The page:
Op-Ed: International Sex Workers Day in a World Under Lockdown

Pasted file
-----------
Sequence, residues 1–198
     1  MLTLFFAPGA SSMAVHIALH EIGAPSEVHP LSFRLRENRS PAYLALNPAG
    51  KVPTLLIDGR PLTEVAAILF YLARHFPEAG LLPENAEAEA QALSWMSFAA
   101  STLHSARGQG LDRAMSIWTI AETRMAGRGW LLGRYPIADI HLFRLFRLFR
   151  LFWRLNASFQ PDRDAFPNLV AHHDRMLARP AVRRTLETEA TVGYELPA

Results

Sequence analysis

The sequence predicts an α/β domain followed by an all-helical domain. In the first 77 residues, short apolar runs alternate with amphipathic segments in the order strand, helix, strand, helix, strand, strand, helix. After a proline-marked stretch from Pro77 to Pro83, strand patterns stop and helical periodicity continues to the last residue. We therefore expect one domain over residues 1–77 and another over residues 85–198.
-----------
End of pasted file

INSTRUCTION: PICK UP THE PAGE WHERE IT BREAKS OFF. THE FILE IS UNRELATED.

AMSTERDAM — The 2020 commemoration of International Sex Workers Day (originally known as “International Whore’s Day”) sees the militant marches for sex worker rights of years past — a yearly push for life-saving visibility epitomized by brandishing red umbrellas — replaced by a sobering assessment of how COVID-19 protocols worldwide have essentially put sex workers’ right to work in the hands of uncaring government officials. In the U.S. this is also compounded by the militarization of the public space in the past few days (curfews, ramped-up law enforcement) following protests denouncing police brutality, directly affecting the vast number of sex workers who live or work on the streets. And with sex workers in the adult entertainment industry, this International Sex Workers Day also offers few reasons to celebrate, given that production of anything but at-home content has been halted since March, awaiting official instructions on when on-set shoots can resume. A Case Study Amsterdam, stereotyped in popular culture as a sex-work-friendly city (evidence about trends in Dutch politics over the last 20 years shows otherwise), provides a case-study for what 2020 looks like right now for those interested in sex workers' rights. According to a report by Dutch News today, while other “contact work” in the Netherlands (hairdressers, manicurists, masseurs) have been allowed to return to work since May 11, legal sex workers have been told to wait until at least September 1. While the country’s welfare system provides some relief for the out-of-work sex workers (around $1,100 a month), according to the report some are leaving the country for destinations where it is rumored escorting and other forms of sex work are being quietly tolerated. Others, like the sex workers living or working on the streets, don’t have that option and are thus further criminalized and subject to police abuse. “What’s devastating is to see how my community is suffering,” Yvette Luhrs, an adult performer, and cam model who is also an activist with Amsterdam’s Prostitute Information Centre, told Dutch News. “I have good friends who can’t pay rent, friends who have been saving for a Master’s degree who now can’t attend university and friends buying groceries for other friends who can’t afford it,” Luhrs added. “People don’t know what to do.” A Political Decision While fitness clubs, saunas, spas, arcades and casinos were supposed to remain closed until September, these businesses successfully lobbied government officials to change the date to July 1. Sex workers, however, were not treated similarly. A spokesperson for the Dutch Ministry of Justice told Dutch News that they “were advised to wait, although ultimately, it’s a political decision taken by the ministers.” “There’s a stigma against sex workers, even though prostitution is legal,” Yvette Luhrs explained, in a statement that may shock foreigners who see Amsterdam as a paradise of legal protections for businesses that are considered “vices” by other cultures. “It’s not a tolerant country when it comes to sex work, and it’s becoming less tolerant now,” Luhrs added. “I don’t know why we’re suddenly excluded from the group of contact workers.” But sex workers are addressing the situation the same way they have confronted social stigma for millennia: self organization and mutual support. The Red Light District’s union for “window prostitutes,” Red Light United, “last month petitioned the government to let them resume work under a strict protocol, including wearing masks and gloves, prohibiting kissing and oral sex and having sex only in positions facing away from each other,” Dutch News reported. “Other proposals include asking customers if they’ve had COVID 19 symptoms and taking their temperatures before rendering service.” The grim situation brought about by COVID-19 has brought to light a reality that predates the virus, even in supposedly open-minded places like Amsterdam. “People don’t like our work and now is an opportunity to get rid of it,” sex worker and political activist Henna X told Dutch News. “Today it’s sex workers, but other groups could be next. It’s a slippery slope.” Image: International Whore's Day Celebration, Australia, 2007.